#SOL19: What Counts?
What do I read?
Mail, Blogs, Tweets, Chapters . . . and Books
I have always envied those who kept a list and reported out like Regie Routman here, here and here. Currently many are reporting out #BookADay now on Twitter or Facebook. For more information about #BookADay created by Jillian Heise in 2014 go here.
So during the winter break I decided one goal of mine was going to be to “celebrate” my reading in 2019. And of course that would mean that I had to keep track of it somehow. So being ever mindful of this quote, I’m tracking my reading. (Note the key word: I)
We aren’t quite to the midpoint of the year, but here is what my reading life looks like through most of May . . .
I’ve written about reading goals before here, but I found that round chart didn’t have enough spaces for my book count. Holding on to one single list has not been helpful. I create stacks of the “done” books and record them every two, or three or four weeks. Based on my records thus far for 2019, I believe that I can confirm that I am a voracious reader. But are there other ways to display the data as I think of students who want to make sense of their own reading lives.
So again this week, I saw a tweet that caught my eye about reading circle graphs and I replied. And then the learning began when Steve Peterson (@Steve1Peterson) replied with the fact that Excel and Google Sheets could make radar graphs.
And the same data above looks like this. Fiction = 72, Nonfiction = 52, Professional = 50.
This graph is quite interesting. Having all professional books in one category quickly made it into an outlier in this format. Five of the 10 remaining categories were in the 20-ish category with four in the single digits and only one category reporting a zero. (Radar chart)
No external pressure other than the public announcement.
No public accountability required.
No summative assessment.
Just recording a snippet from my life . . .
I am Wondering . . .
Is my reading varied enough?
Varied enough? The good news is that I still have time to have a mid-course correction. I will purposefully pick up some titles for those four single digit categories. (And I am already plotting to combine some so that I will have fewer gaps – Yes, manipulating the categories.)
What does not show in this data?
What does concern me is that the data does not show my growth. This year I have made a conscious effort to read more graphic novels, cartoons, and even narrative prose. Those books are represented in the totals for F and narrative NF but not as separate categories because they are not separate genres.
The data also doesn’t share my frustration that tracking my books read over a year is cumbersome. It’s easy to make a “pile” when reading at home. But when I’m not there where and when do I record the data? Do I really only have one list? NOPE! I have some post-its with some scribbles, some lists in my Kindle app, and who knows what else!
The lesson here was to give myself grace. My list does NOT have to be perfect. The data is for me. It’s not a “controlled study” so error is fine.
So my final advice to myself . . .
Take a breath.
Take another breath.
LET IT GO!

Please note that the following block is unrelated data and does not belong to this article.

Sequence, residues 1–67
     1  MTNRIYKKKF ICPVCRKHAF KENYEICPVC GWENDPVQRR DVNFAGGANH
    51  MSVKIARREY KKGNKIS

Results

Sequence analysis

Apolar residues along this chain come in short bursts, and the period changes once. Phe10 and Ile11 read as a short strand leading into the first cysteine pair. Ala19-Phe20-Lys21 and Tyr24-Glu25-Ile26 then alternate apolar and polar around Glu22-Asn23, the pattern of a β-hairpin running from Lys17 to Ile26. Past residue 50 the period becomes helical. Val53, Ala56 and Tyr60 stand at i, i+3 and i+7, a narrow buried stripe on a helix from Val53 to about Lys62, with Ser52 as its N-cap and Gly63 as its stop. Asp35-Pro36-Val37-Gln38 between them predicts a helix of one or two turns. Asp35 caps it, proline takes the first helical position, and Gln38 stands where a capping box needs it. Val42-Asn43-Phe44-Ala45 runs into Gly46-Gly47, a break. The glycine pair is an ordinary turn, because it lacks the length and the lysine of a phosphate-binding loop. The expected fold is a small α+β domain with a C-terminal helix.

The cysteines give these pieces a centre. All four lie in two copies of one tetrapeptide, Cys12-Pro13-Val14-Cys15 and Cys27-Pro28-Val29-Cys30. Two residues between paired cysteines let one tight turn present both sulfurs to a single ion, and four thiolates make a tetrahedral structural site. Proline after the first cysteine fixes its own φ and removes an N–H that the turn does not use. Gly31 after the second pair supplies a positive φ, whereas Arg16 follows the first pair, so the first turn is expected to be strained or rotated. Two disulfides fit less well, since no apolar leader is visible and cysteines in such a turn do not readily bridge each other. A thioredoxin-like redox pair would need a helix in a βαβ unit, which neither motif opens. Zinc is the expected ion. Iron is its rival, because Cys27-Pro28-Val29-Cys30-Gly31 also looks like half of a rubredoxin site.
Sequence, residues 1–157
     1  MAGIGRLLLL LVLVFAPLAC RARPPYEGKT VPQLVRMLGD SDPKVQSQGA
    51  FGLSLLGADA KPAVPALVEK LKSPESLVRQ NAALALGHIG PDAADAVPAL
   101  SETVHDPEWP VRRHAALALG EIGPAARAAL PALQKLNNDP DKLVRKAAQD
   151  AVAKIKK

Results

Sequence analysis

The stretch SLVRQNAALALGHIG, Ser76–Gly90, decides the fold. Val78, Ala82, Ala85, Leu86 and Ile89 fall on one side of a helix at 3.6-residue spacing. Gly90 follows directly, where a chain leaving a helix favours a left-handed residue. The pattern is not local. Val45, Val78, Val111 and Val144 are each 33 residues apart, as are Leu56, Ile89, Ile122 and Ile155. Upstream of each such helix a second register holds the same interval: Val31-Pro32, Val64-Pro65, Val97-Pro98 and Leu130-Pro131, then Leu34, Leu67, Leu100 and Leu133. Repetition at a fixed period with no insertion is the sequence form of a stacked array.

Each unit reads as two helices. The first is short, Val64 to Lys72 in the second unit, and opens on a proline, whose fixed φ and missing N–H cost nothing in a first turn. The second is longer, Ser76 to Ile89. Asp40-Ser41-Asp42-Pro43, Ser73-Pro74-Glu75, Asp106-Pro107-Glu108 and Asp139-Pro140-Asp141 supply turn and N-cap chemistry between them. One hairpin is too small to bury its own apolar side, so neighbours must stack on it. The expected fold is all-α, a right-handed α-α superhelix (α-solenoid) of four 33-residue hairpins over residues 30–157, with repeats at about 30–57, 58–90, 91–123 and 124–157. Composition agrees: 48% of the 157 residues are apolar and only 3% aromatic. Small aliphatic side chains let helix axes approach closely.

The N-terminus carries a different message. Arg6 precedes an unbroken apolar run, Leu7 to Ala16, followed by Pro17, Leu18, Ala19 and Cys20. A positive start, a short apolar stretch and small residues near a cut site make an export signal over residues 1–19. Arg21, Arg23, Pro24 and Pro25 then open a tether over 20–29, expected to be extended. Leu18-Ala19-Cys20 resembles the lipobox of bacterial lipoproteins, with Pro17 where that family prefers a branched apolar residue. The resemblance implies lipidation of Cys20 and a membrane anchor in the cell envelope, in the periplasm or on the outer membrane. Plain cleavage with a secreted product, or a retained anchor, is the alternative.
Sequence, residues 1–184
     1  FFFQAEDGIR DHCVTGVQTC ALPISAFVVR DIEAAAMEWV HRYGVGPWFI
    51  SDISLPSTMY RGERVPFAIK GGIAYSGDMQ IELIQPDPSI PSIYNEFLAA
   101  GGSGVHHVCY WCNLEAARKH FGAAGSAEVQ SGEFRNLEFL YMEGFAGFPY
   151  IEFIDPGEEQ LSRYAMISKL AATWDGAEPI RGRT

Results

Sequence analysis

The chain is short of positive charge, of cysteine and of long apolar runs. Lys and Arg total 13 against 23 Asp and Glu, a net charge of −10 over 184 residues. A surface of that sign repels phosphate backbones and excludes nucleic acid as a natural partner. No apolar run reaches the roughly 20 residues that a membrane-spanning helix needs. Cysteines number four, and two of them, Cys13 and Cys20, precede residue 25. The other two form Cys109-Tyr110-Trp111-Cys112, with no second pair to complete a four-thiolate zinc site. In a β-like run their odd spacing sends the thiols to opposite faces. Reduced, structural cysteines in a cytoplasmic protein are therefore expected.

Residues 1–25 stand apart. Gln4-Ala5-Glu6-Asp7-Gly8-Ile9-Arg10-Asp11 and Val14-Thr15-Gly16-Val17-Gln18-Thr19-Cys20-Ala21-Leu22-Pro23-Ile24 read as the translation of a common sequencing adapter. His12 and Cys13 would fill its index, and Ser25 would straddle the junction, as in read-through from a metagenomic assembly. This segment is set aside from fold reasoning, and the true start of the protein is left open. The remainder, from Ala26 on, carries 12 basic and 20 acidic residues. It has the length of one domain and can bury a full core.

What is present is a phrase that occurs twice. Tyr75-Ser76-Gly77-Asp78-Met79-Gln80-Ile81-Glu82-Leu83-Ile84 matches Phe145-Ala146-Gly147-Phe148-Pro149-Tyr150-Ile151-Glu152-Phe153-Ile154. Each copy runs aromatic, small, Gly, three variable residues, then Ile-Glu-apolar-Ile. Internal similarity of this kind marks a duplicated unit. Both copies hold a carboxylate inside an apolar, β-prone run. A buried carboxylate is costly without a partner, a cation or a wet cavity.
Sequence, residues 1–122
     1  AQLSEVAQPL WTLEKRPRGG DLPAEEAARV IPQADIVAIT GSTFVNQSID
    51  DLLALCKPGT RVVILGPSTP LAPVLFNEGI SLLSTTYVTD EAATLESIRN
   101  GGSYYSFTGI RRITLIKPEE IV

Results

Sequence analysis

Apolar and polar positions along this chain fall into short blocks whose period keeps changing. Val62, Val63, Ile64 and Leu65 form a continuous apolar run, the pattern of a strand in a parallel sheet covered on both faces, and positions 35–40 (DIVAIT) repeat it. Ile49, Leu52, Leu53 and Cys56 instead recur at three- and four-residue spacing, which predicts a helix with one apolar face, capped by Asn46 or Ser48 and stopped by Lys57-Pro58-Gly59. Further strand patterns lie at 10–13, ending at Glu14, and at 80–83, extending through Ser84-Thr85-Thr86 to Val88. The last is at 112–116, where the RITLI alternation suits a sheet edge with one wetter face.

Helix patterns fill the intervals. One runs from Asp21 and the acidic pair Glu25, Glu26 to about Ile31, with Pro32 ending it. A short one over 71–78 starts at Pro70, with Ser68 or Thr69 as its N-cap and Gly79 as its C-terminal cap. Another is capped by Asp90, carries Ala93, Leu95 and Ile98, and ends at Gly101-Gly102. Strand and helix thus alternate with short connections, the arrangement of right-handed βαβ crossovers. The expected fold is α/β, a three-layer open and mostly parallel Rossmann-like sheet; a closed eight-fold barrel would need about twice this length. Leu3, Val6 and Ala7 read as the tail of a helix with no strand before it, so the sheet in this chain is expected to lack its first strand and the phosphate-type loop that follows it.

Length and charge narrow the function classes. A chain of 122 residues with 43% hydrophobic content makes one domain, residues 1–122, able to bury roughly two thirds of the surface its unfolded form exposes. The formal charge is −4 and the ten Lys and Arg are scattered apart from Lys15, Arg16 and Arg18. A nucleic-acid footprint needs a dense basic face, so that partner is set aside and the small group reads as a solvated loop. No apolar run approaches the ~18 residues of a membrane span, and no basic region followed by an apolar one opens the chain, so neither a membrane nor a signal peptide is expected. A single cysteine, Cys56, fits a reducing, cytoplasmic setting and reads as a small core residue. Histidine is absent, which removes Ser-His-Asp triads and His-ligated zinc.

Where, why, and when might giving yourself “grace” free up positive energy?
When could you TRY something without trying it “forever”( so you have room to modify to match the needs)?
When will you commit to JUST being the best that you can
Thank you, Betsy, Beth, Deb, Kathleen, Kelsey, Lanny, Melanie, and Stacey for this weekly forum from Two Writing Teachers. Check out the writers and readers here.
What a year!
There are so many ways to vies the data in WordPress that my head can spin . . . or I can just look like a bobblehead. After all, what’s in a number?
Looking back is something of a habit before the New Year begins. Here were my reflective posts from 2016, 2015, 2014, and 2013. It was fun to see where the emphasis has changed over time.
My Top 5 Most Viewed Blog Posts of all time are:
5. How do we know students are making progress in writing? (2014)
4. #DigiLit Sunday: Critical Thinking (2017)
3. Generative Writing as a Formative Assessment (2015)
2. Lexile Level is NOT Text Complexity (2013)
1. #TCRWP and a Teacher’s Toolkit for Writinf (2014)
Data analysis is interesting. At first glance it appears that my OLD writing is more popular than my newer writing. Or does the popularity mean that these posts are STILL topics/issues that present day literacy teachers are struggling with?
My data is skewed and incomplete. Every other year I have reported the top 10 posts. Narrowing the parameters of my list causes the comparison to fluctuate from previous years. And even more disconcerting is changing the years . . . what is the difference between “all time” lists and just the “top ten” from this year? What is the difference between “from” and “for”?
My Top 5 Posts from 2017 are:
5. #DigiLitSunday: “Possible Sentences”
3. Reading Goals: What Do You Measure?
2. #DigiLitSunday: Summer Slide
1. #DigiLitSunday: Critical Thinking
Subtle differences require a discerning reader.
Today “I cherish the oddities”. (Call for slices by Melanie here.)
What kind of reader will you be in the future?
What data do you use for valid comparisons?
What data do you wonder about?
Is all data equal?
Thank you, Betsy, Beth, Deb, Kathleen, Lanny, Melanie, and Stacey for this weekly forum. Check out the writers, readers and teachers here.